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Washington Inmate Records

Washington inmate records include public and confidential details of individuals incarcerated in prisons, jails, and work release facilities in the State of Washington. Publicly available records include offender’s personal data and administrative information. Examples of personal inmate records are name, gender, age, race, inmate number, and booking photo. Administrative records provide information about inmates’ offences, incarceration, and release from correctional facilities.

Washington’s Correctional System

The Washington State Department of Corrections (WADOC) directs the operations of state correctional institutions and corrections program. It currently manages 12 minimum, medium, and maximum security prison facilities. Out of these, there are two correctional centers for women. See a complete list of Washington state prisons on WADOC’s website. Follow the links on the page to find addresses and contact information for the facilities as well as their visitation rules and times.

Besides state-run prisons, Washington also has a number of city, county, and regional jails managed by local law enforcement agencies. Police departments oversee city jails in Washington while county jails are operated by Sheriff’s Offices. Regional jails serve multiple counties or groups of counties and cities.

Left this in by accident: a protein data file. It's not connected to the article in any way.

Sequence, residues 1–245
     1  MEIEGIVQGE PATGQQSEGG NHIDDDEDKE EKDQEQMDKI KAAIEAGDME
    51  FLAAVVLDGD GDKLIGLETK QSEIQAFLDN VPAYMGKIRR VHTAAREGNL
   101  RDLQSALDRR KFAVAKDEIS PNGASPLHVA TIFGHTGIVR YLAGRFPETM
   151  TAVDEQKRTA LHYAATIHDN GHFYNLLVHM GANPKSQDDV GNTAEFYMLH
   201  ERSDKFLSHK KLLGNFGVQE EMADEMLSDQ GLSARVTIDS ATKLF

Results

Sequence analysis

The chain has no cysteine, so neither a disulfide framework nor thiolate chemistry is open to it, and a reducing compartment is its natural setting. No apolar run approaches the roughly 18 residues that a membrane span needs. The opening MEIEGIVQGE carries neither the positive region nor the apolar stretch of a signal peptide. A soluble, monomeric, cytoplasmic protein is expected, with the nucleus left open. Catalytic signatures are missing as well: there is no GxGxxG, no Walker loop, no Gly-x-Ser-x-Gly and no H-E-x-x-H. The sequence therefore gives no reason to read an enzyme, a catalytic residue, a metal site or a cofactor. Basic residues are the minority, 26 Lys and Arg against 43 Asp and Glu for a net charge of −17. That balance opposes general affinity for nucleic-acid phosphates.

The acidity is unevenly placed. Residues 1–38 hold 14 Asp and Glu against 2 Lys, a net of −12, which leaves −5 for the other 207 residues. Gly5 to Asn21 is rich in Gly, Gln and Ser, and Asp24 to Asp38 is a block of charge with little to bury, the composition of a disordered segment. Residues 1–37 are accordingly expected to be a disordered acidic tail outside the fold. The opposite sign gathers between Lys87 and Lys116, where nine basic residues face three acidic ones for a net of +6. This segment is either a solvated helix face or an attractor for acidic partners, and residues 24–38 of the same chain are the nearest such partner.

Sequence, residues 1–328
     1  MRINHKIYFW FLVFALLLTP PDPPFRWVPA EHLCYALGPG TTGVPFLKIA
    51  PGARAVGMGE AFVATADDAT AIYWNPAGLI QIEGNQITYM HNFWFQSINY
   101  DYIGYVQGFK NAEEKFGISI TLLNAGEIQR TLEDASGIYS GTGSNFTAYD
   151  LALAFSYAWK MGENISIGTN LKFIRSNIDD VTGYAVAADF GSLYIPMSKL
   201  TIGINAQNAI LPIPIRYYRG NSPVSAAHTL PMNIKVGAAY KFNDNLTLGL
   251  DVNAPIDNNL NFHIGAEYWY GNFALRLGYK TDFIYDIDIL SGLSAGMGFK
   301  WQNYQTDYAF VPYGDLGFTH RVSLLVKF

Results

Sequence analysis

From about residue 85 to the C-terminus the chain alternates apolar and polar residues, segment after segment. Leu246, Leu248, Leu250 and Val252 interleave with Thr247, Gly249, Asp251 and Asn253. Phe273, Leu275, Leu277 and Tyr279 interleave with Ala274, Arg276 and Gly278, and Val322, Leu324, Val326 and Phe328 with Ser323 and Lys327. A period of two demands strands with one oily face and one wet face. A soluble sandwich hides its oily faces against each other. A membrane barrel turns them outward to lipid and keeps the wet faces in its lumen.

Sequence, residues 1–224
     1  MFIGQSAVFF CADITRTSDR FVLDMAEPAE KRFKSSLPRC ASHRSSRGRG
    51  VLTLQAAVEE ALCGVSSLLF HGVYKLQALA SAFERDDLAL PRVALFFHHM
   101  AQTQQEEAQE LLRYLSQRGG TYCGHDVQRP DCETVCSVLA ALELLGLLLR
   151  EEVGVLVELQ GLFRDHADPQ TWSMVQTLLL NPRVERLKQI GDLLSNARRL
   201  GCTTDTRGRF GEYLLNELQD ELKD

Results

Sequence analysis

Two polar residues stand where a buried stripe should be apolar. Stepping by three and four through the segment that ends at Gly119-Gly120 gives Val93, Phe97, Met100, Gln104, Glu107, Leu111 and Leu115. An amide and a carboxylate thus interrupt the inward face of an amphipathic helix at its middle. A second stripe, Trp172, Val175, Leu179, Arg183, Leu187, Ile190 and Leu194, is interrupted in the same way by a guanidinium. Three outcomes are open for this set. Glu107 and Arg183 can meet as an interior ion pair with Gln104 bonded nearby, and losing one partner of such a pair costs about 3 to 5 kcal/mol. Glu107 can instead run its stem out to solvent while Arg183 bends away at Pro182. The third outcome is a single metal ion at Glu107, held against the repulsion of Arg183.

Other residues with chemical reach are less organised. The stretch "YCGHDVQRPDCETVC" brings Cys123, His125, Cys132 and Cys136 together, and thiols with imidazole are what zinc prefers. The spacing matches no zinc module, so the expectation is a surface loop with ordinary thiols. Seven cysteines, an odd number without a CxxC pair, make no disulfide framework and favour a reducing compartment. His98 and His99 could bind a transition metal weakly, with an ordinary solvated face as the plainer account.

How Do I Visit an Inmate in Washington?

The WADOC sets visitation rules for state-run prisons in Washington. Before visiting an inmate, make sure you are on their visitor list. All intending visitors (adults and minors) must complete and submit a visitor application. Adults applying on behalf of minors must also complete and attach completed copies of DOC 20-441 Consent Form with their applications. It takes a month to process this electronic application and applicants are informed in writing if denied. Individual visitors can only be on one inmate’s Approved Visitor List unless they are immediate family members of multiple inmates.

For more details about the application process, read the WADOC Policy for Visits for Incarcerated Individuals. Each Washington state prison also has its own set of visitation guidelines, visiting hours, and event calendar. You can find these facility visitation rules on the Prison Visits page of WADOC’s website.

Adult visitors, approved for visitation, must bring along valid and current government-issued IDs with them during visits. Before setting out to visit an inmate, make sure to read WADOC’s Prison Facility Alerts and Notices to check for last-minute changes to visitation schedules at different facilities.

Washington state prisons also allow Extended Family Visits (EFV) for eligible inmates and their approved immediately family members. Such visits take place in private housing units and serve to ease those serving long-term sentences into re-entering society. Eligible visitors must apply for EFV separately.